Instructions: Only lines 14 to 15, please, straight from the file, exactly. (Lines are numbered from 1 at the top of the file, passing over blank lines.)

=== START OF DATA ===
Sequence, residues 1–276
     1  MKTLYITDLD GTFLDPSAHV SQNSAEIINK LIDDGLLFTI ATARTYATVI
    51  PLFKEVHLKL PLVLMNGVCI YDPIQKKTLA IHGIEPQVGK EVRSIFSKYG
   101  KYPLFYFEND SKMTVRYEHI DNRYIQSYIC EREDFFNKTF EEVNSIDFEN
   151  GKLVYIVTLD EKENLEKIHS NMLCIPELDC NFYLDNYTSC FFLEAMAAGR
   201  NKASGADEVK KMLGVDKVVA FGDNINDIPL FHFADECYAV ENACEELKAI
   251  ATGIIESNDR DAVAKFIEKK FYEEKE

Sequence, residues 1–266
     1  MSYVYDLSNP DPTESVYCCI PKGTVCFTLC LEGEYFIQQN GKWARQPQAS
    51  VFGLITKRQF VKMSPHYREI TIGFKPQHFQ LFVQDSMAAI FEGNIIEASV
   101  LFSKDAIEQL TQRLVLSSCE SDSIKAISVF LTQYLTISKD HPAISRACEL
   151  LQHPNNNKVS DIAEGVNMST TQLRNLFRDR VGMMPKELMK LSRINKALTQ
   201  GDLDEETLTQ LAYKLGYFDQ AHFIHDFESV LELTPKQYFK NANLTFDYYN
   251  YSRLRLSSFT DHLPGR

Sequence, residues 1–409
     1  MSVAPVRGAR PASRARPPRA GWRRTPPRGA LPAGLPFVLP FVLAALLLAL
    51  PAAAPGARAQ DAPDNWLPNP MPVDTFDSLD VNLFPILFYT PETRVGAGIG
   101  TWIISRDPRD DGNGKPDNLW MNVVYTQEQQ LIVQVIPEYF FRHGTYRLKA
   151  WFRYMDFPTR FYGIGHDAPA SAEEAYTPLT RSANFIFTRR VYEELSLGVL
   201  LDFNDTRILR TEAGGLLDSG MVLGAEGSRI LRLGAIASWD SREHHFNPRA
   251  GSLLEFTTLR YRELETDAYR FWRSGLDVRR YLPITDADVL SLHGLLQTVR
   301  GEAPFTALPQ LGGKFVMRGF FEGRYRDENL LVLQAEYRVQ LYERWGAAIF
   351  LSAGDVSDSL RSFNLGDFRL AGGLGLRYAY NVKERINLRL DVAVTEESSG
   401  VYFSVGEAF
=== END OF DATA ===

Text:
   251  YSRLRLSSFT DHLPGR

Sequence, residues 1–409